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I'm a high school student and I'm trying to understand why waves bend when they refract. I read a few answers on the site, and the explanation that they follow the shortest path makes sense enough to me, however that leaves an unanswered question, what point is the photon trying to reach?

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    $\begingroup$ Photons don't try. A photon in free space has momentum. That's a vector quantity---magnitude and direction. You know from Conservation of Momentum that as long as the photon does not interact with anything, then its momentum (magnitude and direction) will not change. $\endgroup$ Apr 30, 2015 at 16:43
  • $\begingroup$ In light of the discussion, maybe someone could try and tackle this from a (basic) path integral point of view... $\endgroup$
    – innisfree
    Apr 30, 2015 at 17:31

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Actually, the light beam does not follow the shortest path, but rather the faster path. Else the light would not bend but go straight there. This is Fermat’s principle.

what point is the photon trying to reach?

Good question. This point you are talking about, is in fact your eye.

A straw in a glass of water visually bends at the interface.

enter image description here

Look at the end of the straw, and you see it at another location than it actually is at. The photon was emitted from the straw but bended along the way, and now it hits your eye and you can see the end of the straw, but not at the true location because of the bending.

Schematically, this is a good illustration:

enter image description here

The faster way for the light beam (or photon, if you will) to reach your eye is not the straight way (meaning, not the shortest way)! Because it moves slower in water than in air. The optimal route to reach your eye as fast as possible is to move a smaller portion in the water and a larger portion in the air.

Ants moving as light

The way light behaves can be described as the most logical way to reach a destination faster. From this article:

Humans intuitively employ this rule, e.g., when a lifeguard has to infer the fastest way to traverse both beach and water to reach a swimmer in need.

I have heard a story, which I believe this article is investigating, about ants. When put in oil, which slows them down, they tend to follow not the straight, but the faster route, which always is a portion in the slower medium and a larger portion in the faster medium.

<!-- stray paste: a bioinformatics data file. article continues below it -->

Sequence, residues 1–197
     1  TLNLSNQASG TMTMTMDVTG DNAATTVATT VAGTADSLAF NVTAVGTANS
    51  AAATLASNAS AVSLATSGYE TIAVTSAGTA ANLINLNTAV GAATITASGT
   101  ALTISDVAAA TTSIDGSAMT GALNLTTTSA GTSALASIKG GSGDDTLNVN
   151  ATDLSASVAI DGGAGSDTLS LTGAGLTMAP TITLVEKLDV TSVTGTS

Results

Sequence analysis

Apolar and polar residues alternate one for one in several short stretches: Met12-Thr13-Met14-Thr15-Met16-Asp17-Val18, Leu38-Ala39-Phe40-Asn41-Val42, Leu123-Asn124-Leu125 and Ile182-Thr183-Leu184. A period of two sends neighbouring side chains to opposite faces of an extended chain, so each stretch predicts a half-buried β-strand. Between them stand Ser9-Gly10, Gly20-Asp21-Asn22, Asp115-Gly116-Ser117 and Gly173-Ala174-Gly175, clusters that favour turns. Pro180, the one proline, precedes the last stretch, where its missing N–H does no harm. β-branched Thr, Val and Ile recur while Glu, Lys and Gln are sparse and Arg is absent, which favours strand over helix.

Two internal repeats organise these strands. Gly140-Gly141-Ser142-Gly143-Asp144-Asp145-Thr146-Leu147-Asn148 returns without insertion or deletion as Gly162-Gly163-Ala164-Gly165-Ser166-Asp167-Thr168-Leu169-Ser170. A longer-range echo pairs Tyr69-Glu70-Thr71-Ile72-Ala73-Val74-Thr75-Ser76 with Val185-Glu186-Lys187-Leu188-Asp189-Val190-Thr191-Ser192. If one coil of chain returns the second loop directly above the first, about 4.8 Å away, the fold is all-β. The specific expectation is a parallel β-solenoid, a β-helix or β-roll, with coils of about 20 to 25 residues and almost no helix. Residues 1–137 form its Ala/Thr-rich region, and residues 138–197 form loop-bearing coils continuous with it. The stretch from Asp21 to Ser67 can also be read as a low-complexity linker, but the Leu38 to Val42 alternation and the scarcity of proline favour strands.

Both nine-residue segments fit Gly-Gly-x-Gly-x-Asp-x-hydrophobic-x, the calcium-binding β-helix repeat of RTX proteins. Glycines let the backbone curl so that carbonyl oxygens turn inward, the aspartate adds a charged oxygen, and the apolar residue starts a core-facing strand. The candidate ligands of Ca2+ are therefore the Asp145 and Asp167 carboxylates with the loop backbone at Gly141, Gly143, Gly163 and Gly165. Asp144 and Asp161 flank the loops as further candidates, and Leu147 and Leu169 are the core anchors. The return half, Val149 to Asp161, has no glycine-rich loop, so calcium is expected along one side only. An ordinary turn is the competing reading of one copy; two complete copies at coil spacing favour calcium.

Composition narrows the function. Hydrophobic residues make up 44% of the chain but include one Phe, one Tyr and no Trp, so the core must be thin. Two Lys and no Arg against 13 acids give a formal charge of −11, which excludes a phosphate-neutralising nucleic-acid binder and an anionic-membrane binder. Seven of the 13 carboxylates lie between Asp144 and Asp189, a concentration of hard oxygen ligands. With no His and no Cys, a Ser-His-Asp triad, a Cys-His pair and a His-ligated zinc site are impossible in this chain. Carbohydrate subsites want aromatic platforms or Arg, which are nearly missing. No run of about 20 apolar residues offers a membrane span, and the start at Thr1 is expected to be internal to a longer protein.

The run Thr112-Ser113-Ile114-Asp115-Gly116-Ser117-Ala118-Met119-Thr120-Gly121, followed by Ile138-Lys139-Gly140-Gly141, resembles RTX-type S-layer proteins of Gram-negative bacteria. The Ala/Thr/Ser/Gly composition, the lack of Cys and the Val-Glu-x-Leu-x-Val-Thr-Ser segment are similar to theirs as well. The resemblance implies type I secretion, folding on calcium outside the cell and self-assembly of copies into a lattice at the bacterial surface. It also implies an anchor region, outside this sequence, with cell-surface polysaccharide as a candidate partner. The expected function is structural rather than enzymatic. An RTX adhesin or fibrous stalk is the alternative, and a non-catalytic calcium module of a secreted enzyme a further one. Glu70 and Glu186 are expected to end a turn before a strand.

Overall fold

Ants explaining light? Fascinating.

Addition - explaining refraction from the wave point-of-view

It seems that the actual question is why the refraction / bending of light actually happens, rather than which point the photon is trying to reach. To address that I will rather go with a wave explanation than a beam/photon explanation. At least, for me this is much more intuitive.

Think of light waves as water waves. The waves travel towards the beach. When they hit shallow water, they are slowed down:

enter image description here

If the waves come in at an angle, then the part of the wave that hits the shallow water first, is also slowed down first. The rest of the wave will gradually also slow down until the whole wave is slowed down. Since one part of the wave is slower, this part will look as if it was bended.

Shallow water corresponds to a medium inwhich light is slow. I hope this has answered your further questions.

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    $\begingroup$ What about a mirror? Surely the fastest path from my eyebrows would be to bend down over my face info my eyes. $\endgroup$
    – Alice Ryhl
    Apr 30, 2015 at 17:03
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    $\begingroup$ Another question, suppose we have a laser pointing direcly into my left eye, then we put something in front of the laser such that it bends and now hits my right eye. How did it pick which eye? The one it could reach the quickest? $\endgroup$
    – Alice Ryhl
    Apr 30, 2015 at 17:07
  • $\begingroup$ @KristofferRyhl (2 comments up) good followup question, which I think illustrates the risk of saying that the photon is trying to reach your eye. It's not really trying to reach anywhere, but once you know where it wound up, Fermat's principle tells you how it got there. That being said, someone could build on Steeven's answer to go into a lot of detail about why that works. (Not me, at least not now; I don't have time) $\endgroup$
    – David Z
    Apr 30, 2015 at 17:07
  • $\begingroup$ @DavidZ Well with a mirror, the photon did reach my eye, but didn't follow the shortest path? $\endgroup$
    – Alice Ryhl
    Apr 30, 2015 at 17:10
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    $\begingroup$ the straight line to your eye, however, is blocked by your brow, so you can't see that bit! $\endgroup$
    – innisfree
    Apr 30, 2015 at 17:11

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